• Integration tests are often slower than unit tests.

Q3. Which of the following creates a valid mock PostalCodeProvider that will return “37212” for the following call (select all that apply):

1 postalCodeProvider.getPostalCode(2.11, 3.09)

  • 12345678910111213

@RunWith(MockitoJUnitRunner.class)

public class GeoUtilsTest {

@Mock
private PostalCodeProvider postalCodeProvider;

@Before
public void setUp() {
    when(
      postalCodeProvider
  • 12345678910111213

@RunWith(MockitoJUnitRunner.class)

public class GeoUtilsTest {

@Mock
private PostalCodeProvider postalCodeProvider;

@Before
public void setUp() {
    when(
      postalCodeProvider
  • 12345678910111213

@RunWith(MockitoJUnitRunner.class)

public class GeoUtilsTest {

@Mock
private PostalCodeProvider postalCodeProvider;

@Before
public void setUp() {
   on(
      postalCodeProvider
  • 123456789101112131415

@RunWith(MockitoJUnitRunner.class)

public class GeoUtilsTest {

@Mock
private PostalCodeProvider postalCodeProvider;

@Before
public void setUp() {
    when(
      postalCodeProvider
  • 12345678910111213

@RunWith(MockitoJUnitRunner.class)

public class GeoUtilsTest {

@Mock
private PostalCodeProvider postalCodeProvider;

@Before
public void setUp() {
    when(
      postalCodeProvider

Q4. Which of the following are true (select all that apply)?

  • Mocks can only be used for interface implementations.
  • Mocks can only be used for Android components.
  • Mocks can be used to help make tests run faster by eliminating slow running components.
  • Mocks help to improve test coverage.
  • Mocks can be used to help isolate components for unit tests.

Q5. What will be the result of line 19 (select all that apply)?

12345678910111213141516171819202122
@RunWith(MockitoJUnitRunner.class)
public class GeoUtilsTest {

@Mock
private Foo foo;

@Mock
private Bar bar;

@Before
  • foo will be assigned to the variable “f”
  • bar will be assigned to the variable “f”
  • a null pointer exception will be thrown
  • null will be assigned to the variable “f”

Q6. What could be added on line 6 below to ensure that the view with ID R.id.errorMessage is visible on screen and has the contents “Bad password” (select all that apply)?

[email protected] public void testPasswordLengthRuleTriggersErrorMsg() {
onView(withId(R.id.passwordEditText)).perform(typeText(“abc”));
onView(withId(R.id.loginButton)).perform(click());

// What should be added here }

  • 1 onView(withId(R.id.errorMessage), matches(isDisplayed(), withText(“Bad password”)));
  • 12 onView(withId(R.id.errorMessage), matches(isDisplayed()))
    .check(matches(withText(“Bad password”)));
  • 123 onView(withId(R.id.errorMessage))
    .check(matches(isDisplayed()))
    .check(matches(withText(“Bad password”)));
  • 1234 onView(withId(R.id.errorMessage))
    .check(matches(isDisplayed()));
    onView(withId(R.id.errorMessage))
    .check(matches(withText(“Bad password”)));


Q7. Which of the following are true of refactoring (select all that apply)?

  • Refactoring should always introduce new functionality to a code base.
  • Refactoring does not introduce new end-user features.
  • Refactoring should never be done in conjunction with regression testing.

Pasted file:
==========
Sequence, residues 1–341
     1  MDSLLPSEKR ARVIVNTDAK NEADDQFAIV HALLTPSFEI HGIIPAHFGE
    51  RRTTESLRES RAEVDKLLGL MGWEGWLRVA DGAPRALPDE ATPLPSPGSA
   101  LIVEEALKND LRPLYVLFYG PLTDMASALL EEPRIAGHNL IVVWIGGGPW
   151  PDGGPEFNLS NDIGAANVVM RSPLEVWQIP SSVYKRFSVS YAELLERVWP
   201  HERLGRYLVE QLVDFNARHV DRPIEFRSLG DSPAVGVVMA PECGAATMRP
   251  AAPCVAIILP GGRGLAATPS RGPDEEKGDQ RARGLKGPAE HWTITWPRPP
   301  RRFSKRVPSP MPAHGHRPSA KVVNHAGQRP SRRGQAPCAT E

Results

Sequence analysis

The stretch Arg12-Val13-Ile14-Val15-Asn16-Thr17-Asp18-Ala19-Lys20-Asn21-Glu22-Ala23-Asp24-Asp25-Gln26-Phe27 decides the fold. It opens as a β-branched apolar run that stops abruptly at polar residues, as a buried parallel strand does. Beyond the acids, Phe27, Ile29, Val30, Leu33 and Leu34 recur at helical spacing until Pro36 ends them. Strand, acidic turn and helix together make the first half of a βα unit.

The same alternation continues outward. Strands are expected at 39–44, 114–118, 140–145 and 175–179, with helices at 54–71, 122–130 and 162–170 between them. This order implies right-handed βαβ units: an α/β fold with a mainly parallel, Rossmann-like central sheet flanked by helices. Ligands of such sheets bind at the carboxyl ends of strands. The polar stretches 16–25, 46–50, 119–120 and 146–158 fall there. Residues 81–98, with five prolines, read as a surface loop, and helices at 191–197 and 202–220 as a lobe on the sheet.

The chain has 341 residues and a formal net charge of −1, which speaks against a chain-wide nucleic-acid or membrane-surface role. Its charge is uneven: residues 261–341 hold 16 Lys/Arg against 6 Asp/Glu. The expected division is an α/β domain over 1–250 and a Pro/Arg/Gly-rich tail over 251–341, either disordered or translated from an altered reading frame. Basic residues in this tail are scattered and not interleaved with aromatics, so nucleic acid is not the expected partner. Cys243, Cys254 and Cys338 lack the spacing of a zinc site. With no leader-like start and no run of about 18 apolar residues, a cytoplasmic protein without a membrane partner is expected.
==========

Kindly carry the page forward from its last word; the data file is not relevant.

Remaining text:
• Refactoring should not be performed to enhance code modularity.

Q8. What code could be added to insert text into the R.id.welcome TextView (select all that apply)?

  • 1 onView(withId(R.id.welcome).typeText(“abc”);
  • 1 onView(matches(withId(R.id.welcome))).check(typeText(“abc”));
  • 1 onView(withId(R.id.welcome)).perform(typeText(“abc”));
  • 1 perform(typeText(“abc”)).onView(withId(R.id.welcome);

Q9. What is the purpose of regression testing (select all that apply)?

  • to check that changes to a code base have not caused the development schedule to regress
  • to check that changes to a code base have not introduced bugs in previously working code
  • to guarantee that changes to a code base have not introduced bugs in previously working code
  • to check that changes to a code base have not introduced changes in expected behavior of interfaces

Q10. Which of the following are non-functional properties (select all that apply)?

  • how fast a method executes
  • how extensible a method is
  • how secure a method is
  • how much memory a method consumes

Engineering Maintainable Android Apps Week 3 Quiz Answers

Quiz 1: Security I Quiz

Q1. Which of the following is true of the economy of mechanism design principle (select all that apply)?

  • Using less complicated code to implement the same functionality simplifies security audits.
  • Using less code to implement the same functionality simplifies security audits.
  • Using less code to implement the same functionality will always mean that the code is less extensible and modular.

Q2. Assuming that “runner” is the only implementation of Runner and never needs to be changed, which of the following refactorings of the code shown below would best demonstrate the economy of mechanism design principle (select all that apply)?

  • 12345678910111213141516171819202122232425262728

public class DataHandler {

public interface Runner {
public void run(Runnable r);
}

private final ExecutorService executor = Executors.newFixedThreadPool(1);

private final Runner runner = new Runner() {
public void run(Runnable q){

  • 1234567891011121314151617181920212223242526272829303132333435

public class DataHandler {

public interface Runner {
public void run(Runnable r);
}

private class MyRunner {
public void run(Runnable q){
executor.submit(q);
}

  • 1234567891011121314151617181920212223

public class DataHandler {

private ExecutorService executor;

public DataHandler() {
executor = Executors.newFixedThreadPool(1);
runner = new MyRunner();
}

public void runIt(ExecutorService r, Runnable q){

  • 1234567891011121314

public class DataHandler {

private final ExecutorService executor = Executors.newFixedThreadPool(1);

public void fetchData() {
executor.submit(new FetchDataTask());
}

public void writeData() {
executor.submit(new WriteDataTask());

  • 1234567891011121314151617

public class DataHandler { private ExecutorService executor;

public DataHandler(ExecutorService ex){